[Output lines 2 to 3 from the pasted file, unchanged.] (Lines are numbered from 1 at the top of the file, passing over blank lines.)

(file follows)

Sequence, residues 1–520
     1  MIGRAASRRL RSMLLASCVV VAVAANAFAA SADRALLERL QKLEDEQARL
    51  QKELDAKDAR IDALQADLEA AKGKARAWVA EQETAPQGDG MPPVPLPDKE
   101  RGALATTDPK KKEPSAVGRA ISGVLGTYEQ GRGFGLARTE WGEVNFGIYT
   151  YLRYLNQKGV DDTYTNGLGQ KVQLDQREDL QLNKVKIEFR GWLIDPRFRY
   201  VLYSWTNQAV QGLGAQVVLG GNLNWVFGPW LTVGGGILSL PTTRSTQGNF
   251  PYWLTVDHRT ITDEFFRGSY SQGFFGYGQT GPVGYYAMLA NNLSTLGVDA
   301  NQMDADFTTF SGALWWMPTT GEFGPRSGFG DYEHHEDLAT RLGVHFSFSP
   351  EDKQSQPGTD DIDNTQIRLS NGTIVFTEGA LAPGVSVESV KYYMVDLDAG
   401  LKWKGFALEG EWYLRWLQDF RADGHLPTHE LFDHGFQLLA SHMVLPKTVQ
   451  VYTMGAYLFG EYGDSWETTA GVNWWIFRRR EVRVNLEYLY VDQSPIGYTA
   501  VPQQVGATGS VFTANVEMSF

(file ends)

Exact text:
     1  MIGRAASRRL RSMLLASCVV VAVAANAFAA SADRALLERL QKLEDEQARL
    51  QKELDAKDAR IDALQADLEA AKGKARAWVA EQETAPQGDG MPPVPLPDKE